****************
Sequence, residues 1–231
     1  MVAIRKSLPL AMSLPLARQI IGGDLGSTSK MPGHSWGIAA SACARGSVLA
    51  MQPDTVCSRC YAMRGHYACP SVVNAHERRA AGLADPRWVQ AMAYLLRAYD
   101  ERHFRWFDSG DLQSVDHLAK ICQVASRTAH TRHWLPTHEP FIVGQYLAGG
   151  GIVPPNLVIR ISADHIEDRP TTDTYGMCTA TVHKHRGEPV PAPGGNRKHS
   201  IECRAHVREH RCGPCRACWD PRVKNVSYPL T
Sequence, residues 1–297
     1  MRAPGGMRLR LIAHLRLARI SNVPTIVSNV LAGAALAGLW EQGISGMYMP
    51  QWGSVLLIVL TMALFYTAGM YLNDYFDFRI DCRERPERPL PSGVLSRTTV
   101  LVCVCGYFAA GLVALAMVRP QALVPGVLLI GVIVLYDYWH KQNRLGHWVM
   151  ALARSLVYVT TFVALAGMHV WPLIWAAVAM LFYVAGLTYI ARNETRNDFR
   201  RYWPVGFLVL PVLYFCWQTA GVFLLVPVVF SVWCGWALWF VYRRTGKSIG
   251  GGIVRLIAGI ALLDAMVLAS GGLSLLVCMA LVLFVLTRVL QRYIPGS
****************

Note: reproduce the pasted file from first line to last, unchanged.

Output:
Sequence, residues 1–231
     1  MVAIRKSLPL AMSLPLARQI IGGDLGSTSK MPGHSWGIAA SACARGSVLA
    51  MQPDTVCSRC YAMRGHYACP SVVNAHERRA AGLADPRWVQ AMAYLLRAYD
   101  ERHFRWFDSG DLQSVDHLAK ICQVASRTAH TRHWLPTHEP FIVGQYLAGG
   151  GIVPPNLVIR ISADHIEDRP TTDTYGMCTA TVHKHRGEPV PAPGGNRKHS
   201  IECRAHVREH RCGPCRACWD PRVKNVSYPL T
Sequence, residues 1–297
     1  MRAPGGMRLR LIAHLRLARI SNVPTIVSNV LAGAALAGLW EQGISGMYMP
    51  QWGSVLLIVL TMALFYTAGM YLNDYFDFRI DCRERPERPL PSGVLSRTTV
   101  LVCVCGYFAA GLVALAMVRP QALVPGVLLI GVIVLYDYWH KQNRLGHWVM
   151  ALARSLVYVT TFVALAGMHV WPLIWAAVAM LFYVAGLTYI ARNETRNDFR
   201  RYWPVGFLVL PVLYFCWQTA GVFLLVPVVF SVWCGWALWF VYRRTGKSIG
   251  GGIVRLIAGI ALLDAMVLAS GGLSLLVCMA LVLFVLTRVL QRYIPGS